Staff development tips
A formal staff training and induction programme was initially introduced for farm park staff. New recruits undergo a structured (three months for long-term staff) schedule of activities to help them understand the business and skills required to fulfil their role, including health and safety. Part of this process is to identify training requirements.
This is now being brought across to farm staff too, not only for new employees but also to provide a benchmark with all existing employees, showing how one part of the business can gain from lessons learned in another.
Training needs are identified initially through induction and also through on-going appraisals. This is a two-way process, with management identifying staff needs and employees being encouraged to make their own requests for training.
Internal training is provided by managers on areas such as the use of new machinery/technology, completing animal movement records and so on.
External training is given to complete certificates of competence such as chainsaw use and agrochemical handling.
External training and job development for the management team is provided by consultants. Occasional off-site trips, such as visits to other farms, help broaden horizons and encourage new thinking.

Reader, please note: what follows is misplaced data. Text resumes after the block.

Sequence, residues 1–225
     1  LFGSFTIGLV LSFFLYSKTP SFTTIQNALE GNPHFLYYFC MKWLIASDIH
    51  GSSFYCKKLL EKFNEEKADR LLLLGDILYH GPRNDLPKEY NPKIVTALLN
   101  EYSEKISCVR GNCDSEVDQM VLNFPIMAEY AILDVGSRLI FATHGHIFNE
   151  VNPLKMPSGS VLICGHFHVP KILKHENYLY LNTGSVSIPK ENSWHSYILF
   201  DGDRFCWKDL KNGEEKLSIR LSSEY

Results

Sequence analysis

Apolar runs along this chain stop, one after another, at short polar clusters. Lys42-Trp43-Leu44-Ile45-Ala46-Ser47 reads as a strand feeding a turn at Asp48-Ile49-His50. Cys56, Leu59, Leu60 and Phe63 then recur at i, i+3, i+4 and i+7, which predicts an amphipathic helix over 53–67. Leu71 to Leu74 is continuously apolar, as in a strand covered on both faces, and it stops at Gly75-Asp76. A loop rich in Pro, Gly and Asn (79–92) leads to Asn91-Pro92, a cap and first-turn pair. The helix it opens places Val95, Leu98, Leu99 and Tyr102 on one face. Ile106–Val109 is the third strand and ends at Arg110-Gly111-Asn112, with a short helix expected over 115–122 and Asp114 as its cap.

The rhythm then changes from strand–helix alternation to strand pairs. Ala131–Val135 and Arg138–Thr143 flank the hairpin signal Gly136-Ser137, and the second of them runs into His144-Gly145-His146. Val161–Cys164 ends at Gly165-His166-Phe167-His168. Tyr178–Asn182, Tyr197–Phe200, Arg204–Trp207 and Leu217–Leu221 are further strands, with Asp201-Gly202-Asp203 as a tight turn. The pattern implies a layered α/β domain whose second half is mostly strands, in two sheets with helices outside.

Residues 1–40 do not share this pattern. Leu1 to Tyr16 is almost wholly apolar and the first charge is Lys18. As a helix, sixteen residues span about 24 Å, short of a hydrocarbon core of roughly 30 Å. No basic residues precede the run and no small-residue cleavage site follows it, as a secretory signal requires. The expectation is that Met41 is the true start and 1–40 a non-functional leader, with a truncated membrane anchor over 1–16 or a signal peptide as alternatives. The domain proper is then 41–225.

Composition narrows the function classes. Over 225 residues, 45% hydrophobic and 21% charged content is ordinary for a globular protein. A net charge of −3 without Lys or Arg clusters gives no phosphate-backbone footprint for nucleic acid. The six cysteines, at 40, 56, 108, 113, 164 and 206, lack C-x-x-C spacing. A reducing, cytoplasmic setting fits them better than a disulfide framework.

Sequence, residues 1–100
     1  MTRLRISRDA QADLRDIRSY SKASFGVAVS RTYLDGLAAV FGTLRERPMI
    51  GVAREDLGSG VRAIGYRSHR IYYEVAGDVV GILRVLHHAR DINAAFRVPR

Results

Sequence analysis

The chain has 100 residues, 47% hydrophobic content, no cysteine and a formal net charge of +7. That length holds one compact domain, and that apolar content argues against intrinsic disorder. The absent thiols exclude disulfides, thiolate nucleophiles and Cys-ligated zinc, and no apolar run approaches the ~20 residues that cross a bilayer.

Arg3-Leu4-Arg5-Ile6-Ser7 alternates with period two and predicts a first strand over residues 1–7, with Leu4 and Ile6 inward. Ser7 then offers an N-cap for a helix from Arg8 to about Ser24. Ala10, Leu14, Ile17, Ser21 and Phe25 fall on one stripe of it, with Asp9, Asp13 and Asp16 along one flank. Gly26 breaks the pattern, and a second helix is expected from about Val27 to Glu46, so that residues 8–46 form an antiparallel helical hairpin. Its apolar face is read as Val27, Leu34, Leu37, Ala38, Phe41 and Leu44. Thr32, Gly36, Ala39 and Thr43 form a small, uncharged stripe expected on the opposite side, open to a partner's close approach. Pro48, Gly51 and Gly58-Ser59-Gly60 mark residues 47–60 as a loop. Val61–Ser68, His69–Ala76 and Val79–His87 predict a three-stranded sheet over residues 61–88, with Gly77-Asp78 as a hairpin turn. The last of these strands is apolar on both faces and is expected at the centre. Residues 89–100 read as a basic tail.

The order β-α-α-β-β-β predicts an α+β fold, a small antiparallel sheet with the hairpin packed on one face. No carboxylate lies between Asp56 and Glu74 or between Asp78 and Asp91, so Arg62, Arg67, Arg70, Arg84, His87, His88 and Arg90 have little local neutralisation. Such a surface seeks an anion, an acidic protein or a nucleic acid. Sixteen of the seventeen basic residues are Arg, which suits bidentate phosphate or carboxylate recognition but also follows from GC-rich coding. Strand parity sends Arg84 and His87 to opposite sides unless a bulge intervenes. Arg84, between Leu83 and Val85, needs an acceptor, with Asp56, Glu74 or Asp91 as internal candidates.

Being able to provide performance incentives to staff relies on establishing measurable targets, both for overall business performance and for individuals.
This is still a “work in progress”. Once measurable targets are in place, it is then the intention to introduce an incentive structure, initially for managers.
Individual targets are set as part of each six-monthly performance appraisal, with key performance indicators being identified and measured. Overall business performance reviews help to identify and create these targets.
- Don’t be tempted to rush or compromise on recruitment – getting the right person is key
- Learn to delegate and give responsibility
- Make time for regular staff meetings and reviews
- Difficult decisions need careful consideration, but do not put them off
- Outside help can be valuable
Adam Henson is Lloyds TSB’s farming ambassador, promoting a better understanding of financial and environmental sustainability in farm businesses.